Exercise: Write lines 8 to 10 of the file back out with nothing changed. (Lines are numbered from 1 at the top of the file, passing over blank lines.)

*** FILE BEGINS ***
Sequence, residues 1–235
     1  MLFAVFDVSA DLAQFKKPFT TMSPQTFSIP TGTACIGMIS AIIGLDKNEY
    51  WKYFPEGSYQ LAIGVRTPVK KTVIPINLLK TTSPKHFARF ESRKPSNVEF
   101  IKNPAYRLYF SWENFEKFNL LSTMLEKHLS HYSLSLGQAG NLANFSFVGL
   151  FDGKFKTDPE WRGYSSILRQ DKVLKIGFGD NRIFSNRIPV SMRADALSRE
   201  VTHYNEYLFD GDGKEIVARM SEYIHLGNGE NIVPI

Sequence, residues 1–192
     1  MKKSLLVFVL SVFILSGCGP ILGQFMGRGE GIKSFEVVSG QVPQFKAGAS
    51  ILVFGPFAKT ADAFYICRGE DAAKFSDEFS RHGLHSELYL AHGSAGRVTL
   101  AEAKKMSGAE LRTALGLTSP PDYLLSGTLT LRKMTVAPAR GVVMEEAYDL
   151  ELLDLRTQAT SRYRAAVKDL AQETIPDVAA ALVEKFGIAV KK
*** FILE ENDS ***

     1  MKKSLLVFVL SVFILSGCGP ILGQFMGRGE GIKSFEVVSG QVPQFKAGAS
    51  ILVFGPFAKT ADAFYICRGE DAAKFSDEFS RHGLHSELYL AHGSAGRVTL
   101  AEAKKMSGAE LRTALGLTSP PDYLLSGTLT LRKMTVAPAR GVVMEEAYDL